The plates were then placed in a chamber of an air-tight oven. The chamber was evacuated, then filled with nitrogen to prevent oxidation. The chamber was slowly heated up to the chemical’s melting point and slowly cooled to anneal the chemical to a crystalline form. The plate was removed after the annealing process was done, the groove was greased with optical grease, a blue optical fiber was inserted into the greased groove, and the groove was re-greased with the optical fiber  inside. The tape was placed over the top of the greased groove. 20140715_150231.jpg

A test was done on the plates to see if they would create light.  The plates were put in a dark box and exposed to a 337 nm UV pulsed LASER.  The fibers were fed into another dark box where their light was fed into a Photomultiplier Tube (PMT).  The pulses of the LASER were monitored with a photodiode and compared to the pulses produced by the activated PMT on an oscilloscope.  20140715_150239.jpg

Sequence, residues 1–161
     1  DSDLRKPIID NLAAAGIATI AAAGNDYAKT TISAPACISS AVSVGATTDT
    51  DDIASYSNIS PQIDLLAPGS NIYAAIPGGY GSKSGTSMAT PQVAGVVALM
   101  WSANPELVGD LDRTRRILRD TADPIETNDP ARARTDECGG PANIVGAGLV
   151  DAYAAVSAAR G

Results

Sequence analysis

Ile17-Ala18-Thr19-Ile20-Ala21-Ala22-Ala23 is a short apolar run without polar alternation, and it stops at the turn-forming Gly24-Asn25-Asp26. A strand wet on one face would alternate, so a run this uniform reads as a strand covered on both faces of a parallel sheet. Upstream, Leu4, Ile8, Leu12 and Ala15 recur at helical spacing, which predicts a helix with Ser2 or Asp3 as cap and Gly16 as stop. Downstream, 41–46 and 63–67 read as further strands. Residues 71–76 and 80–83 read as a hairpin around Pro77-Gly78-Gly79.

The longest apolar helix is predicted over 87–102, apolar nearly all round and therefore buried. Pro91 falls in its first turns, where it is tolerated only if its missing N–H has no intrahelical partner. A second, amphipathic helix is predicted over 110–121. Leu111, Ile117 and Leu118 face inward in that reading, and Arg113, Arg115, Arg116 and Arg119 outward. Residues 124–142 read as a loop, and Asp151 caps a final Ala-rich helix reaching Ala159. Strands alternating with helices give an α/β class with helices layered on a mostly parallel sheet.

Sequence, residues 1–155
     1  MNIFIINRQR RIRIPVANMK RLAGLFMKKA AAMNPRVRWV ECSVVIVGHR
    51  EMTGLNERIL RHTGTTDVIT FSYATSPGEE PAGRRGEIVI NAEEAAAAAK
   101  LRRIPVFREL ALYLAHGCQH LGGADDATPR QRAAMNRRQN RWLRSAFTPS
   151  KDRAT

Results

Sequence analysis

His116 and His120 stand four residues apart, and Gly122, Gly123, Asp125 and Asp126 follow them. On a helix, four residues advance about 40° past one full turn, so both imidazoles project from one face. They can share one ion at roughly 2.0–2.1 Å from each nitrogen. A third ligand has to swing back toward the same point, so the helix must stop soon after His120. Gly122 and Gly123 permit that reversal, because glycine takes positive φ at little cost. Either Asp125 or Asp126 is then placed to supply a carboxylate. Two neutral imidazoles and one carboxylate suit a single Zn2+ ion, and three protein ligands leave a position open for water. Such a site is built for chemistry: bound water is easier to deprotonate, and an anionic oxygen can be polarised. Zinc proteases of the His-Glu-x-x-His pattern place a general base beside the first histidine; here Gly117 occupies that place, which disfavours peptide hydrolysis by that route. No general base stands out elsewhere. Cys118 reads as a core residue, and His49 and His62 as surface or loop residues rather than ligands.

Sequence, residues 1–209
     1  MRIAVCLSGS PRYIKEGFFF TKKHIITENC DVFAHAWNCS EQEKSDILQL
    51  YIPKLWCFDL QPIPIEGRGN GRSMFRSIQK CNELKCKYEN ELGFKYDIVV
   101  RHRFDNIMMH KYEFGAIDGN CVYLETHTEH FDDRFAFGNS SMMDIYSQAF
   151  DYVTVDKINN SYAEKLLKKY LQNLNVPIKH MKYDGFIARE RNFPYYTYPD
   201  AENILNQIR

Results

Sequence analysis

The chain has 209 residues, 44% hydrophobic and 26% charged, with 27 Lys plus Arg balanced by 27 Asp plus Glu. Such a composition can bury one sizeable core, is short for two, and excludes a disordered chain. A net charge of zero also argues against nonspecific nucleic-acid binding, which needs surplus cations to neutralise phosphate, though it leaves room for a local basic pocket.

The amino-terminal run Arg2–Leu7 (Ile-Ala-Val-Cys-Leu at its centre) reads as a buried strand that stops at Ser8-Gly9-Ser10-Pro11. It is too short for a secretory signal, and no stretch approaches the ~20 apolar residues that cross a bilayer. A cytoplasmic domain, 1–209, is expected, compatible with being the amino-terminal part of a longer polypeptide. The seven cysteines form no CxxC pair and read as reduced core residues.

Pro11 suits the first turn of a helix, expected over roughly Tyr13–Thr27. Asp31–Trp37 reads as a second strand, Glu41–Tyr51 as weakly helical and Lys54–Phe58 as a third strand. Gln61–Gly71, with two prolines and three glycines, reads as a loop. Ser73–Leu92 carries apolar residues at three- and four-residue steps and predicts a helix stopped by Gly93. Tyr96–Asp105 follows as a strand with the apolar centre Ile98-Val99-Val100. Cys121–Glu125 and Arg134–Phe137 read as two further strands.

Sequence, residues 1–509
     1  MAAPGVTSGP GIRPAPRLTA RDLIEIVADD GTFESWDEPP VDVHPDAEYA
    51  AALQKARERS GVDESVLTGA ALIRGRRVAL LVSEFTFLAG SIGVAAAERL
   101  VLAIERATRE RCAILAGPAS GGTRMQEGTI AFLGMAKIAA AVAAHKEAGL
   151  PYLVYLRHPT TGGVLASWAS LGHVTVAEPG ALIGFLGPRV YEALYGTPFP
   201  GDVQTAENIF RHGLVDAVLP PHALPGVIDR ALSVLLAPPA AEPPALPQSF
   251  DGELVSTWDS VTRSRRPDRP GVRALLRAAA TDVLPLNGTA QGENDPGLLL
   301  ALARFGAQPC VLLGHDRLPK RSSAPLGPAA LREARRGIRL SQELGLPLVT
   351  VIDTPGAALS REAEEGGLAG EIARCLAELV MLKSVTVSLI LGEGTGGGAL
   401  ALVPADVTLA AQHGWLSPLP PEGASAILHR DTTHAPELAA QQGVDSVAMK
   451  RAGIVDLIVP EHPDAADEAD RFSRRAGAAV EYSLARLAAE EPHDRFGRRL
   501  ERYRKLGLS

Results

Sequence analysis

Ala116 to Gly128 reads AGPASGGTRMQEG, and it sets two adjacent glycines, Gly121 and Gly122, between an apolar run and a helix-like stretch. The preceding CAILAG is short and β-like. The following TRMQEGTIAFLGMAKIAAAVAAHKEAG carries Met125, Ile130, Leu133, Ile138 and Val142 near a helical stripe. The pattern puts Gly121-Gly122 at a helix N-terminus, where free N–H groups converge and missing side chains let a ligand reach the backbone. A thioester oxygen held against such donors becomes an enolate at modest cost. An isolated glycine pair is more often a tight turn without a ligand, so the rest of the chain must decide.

Naphthalene and trans-Stilbene were not successfully plated. The Naphthalene and trans-Stilbene were too volatile. Both chemicals evaporated before a strong enough vacuum was created to begin the deposition process. If they are to be considered, a different process is necessary.

A control plate with no coating in between the panes was made to compare the scintillation. The control had a very low reading when hit with the UV laser.  

The 1,4 diphenylbenzene (para-Terphenyl or PTP) plated and crystallized in the oven and scintillated. The desired thickness for PTP was 50 micrometers. The actual thickness we got from 2.5g of PTP was 45 micrometers. The plate with 5.0g of PTP had a thickness of 554 micrometers. When the optical fiber was fed into a PMT and placed in a dark box and was hit with the UV LASER, the oscilloscope did detect a successful signal with the blue fiber.